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Neck Popping feels good in the morning after a night of gorging on brick oven pizza, Guinness, Genache, coffee.

Watched In America last night. Felt quite familiar. I came to America at the age of 12 from N. Ireland. It was 1985. Breakdancing was big.

My preconception of America was built around movies (of course). Esp. E.T. There's a scene where they eat Pizza Hut pizza. I wanted Pizza Hut.

Instead we landed in Las Vegas in July and headed to a K-Mart for our first American hamburger. My Dad purchased plastic cowboy boots for the whole family. He laid insulation.

Then mormondom, strange underwear, and disowning of my accent.

What is an accent? Assimilation, melting pot. The ideology of a melting pot. Not sure what I think yet. My first instinct is against it. The idea of homogeneous etc.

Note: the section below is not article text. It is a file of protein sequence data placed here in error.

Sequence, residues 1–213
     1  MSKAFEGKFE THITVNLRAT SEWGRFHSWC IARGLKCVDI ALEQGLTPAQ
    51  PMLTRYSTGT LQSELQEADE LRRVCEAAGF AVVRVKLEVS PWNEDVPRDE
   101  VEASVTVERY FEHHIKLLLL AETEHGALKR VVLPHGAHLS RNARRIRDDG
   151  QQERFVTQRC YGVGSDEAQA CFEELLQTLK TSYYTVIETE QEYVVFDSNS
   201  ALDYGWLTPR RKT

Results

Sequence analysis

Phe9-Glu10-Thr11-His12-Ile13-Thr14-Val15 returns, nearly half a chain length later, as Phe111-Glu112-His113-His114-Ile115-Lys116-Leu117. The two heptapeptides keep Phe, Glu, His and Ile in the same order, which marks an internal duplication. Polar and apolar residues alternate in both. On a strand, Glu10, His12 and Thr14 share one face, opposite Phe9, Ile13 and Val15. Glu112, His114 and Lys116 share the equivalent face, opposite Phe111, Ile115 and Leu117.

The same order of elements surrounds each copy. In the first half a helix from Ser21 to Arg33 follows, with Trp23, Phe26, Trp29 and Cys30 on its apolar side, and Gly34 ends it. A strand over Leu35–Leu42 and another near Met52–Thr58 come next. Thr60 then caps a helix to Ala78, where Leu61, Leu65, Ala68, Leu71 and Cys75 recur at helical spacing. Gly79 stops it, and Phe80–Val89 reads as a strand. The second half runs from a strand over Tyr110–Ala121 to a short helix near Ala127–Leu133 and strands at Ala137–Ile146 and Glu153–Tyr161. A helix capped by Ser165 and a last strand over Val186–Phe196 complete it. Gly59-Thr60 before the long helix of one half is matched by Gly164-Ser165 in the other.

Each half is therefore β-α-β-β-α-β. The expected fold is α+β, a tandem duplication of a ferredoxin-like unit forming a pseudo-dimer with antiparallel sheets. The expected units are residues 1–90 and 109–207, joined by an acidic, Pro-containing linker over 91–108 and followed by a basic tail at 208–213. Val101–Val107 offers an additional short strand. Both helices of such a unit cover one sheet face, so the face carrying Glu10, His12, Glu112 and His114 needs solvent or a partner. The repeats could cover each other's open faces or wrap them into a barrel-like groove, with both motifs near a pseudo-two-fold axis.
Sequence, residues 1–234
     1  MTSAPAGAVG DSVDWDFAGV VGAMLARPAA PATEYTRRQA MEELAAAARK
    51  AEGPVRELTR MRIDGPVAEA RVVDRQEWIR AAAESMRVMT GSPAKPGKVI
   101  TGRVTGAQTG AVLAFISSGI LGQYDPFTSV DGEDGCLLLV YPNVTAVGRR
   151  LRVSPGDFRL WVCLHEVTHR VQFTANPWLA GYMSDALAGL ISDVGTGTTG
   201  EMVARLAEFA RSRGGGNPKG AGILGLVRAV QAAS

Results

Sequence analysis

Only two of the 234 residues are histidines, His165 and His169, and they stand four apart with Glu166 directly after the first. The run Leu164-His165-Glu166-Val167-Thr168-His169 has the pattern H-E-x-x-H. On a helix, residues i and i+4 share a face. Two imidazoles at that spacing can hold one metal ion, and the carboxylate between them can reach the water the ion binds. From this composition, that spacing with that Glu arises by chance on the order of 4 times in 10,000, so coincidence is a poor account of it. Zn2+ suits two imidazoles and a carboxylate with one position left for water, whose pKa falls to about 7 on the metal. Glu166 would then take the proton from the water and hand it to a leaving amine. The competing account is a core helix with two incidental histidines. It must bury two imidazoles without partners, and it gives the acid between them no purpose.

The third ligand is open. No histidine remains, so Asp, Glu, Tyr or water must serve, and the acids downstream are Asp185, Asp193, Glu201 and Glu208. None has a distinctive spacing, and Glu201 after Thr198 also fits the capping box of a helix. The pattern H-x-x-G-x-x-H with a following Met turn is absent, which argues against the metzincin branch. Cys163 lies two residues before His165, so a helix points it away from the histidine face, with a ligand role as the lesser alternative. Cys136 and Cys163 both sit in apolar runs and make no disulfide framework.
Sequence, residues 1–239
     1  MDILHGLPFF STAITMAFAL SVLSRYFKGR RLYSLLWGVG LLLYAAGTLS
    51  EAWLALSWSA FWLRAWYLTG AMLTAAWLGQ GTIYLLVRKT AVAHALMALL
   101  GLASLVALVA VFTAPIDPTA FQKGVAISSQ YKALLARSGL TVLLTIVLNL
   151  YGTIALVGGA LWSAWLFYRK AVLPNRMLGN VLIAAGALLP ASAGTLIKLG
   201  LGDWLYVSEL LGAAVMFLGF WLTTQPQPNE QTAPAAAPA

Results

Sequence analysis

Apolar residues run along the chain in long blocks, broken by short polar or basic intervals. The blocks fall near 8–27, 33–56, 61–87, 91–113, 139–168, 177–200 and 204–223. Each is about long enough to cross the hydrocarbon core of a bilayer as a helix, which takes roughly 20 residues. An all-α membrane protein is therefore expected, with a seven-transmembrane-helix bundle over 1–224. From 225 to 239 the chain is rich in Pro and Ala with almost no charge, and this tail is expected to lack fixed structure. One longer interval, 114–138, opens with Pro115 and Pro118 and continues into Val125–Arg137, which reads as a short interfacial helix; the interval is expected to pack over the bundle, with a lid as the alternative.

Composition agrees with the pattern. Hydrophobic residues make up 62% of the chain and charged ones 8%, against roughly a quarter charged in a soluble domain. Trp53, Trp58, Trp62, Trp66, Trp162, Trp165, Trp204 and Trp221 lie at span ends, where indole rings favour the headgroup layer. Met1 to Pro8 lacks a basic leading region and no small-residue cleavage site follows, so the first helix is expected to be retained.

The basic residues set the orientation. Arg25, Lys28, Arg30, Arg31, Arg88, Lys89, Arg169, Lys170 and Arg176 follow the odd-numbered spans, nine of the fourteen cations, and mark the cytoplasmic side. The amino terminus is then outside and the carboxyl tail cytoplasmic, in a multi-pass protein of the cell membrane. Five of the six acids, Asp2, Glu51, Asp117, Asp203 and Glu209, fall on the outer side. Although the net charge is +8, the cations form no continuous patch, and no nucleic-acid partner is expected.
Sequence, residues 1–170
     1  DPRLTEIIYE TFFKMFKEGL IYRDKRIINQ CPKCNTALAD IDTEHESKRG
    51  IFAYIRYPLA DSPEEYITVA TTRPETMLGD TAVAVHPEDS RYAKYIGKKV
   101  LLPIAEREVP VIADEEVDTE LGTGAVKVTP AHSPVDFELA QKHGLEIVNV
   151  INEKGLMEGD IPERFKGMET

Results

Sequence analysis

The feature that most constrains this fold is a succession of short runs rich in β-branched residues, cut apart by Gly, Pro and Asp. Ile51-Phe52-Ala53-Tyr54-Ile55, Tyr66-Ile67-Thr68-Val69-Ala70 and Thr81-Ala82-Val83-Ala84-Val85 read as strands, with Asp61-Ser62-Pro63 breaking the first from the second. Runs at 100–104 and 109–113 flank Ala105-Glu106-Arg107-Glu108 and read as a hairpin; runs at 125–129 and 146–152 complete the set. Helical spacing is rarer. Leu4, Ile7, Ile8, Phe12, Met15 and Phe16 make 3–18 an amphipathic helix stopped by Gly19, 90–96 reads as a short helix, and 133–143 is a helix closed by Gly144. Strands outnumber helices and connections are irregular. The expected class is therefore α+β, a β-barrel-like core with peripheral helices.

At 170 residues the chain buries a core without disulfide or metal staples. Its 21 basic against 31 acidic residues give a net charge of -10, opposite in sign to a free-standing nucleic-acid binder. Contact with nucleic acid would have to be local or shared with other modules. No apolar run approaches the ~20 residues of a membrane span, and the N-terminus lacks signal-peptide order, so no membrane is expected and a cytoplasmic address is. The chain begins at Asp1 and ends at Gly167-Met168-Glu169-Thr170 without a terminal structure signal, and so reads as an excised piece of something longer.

Difference etc.

But then Irish, Italian, Ukrainian neighborhoods? Separate communities to maintain the integrity of a culture? I admit, I often wish we landed in NY or Boston instead of Las Vegas.

Las Vegas is the ultimate big pot of commodified cultures.

Is culture always a commodity?

Lots of lights in Las Vegas.

It's called The Strip!

Strip indeed.



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Another Ireland: Part Two
Maurice Scully, The Basic Colours. Durham, UK: Pig Press, 1994.
Geoffrey Squires, Landscapes and Silences. Dublin: New Writers' Press, 1996.
Catherine Walsh, Idir Eatortha and Making Tents. London: Invisible Books, 1996.

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I began the first half of this article (Notre Dame Review #4) by mentioning some of the limits to the legendary hospitality Ireland has shown to its poets. If you arrive in Ireland from any point of departure outside of Eastern Europe, you will indeed find a public far more willing than the one you left behind to grant poets the recognition all but the most ascetic secretly crave. However, this hospitality has never extended to Irish poets w…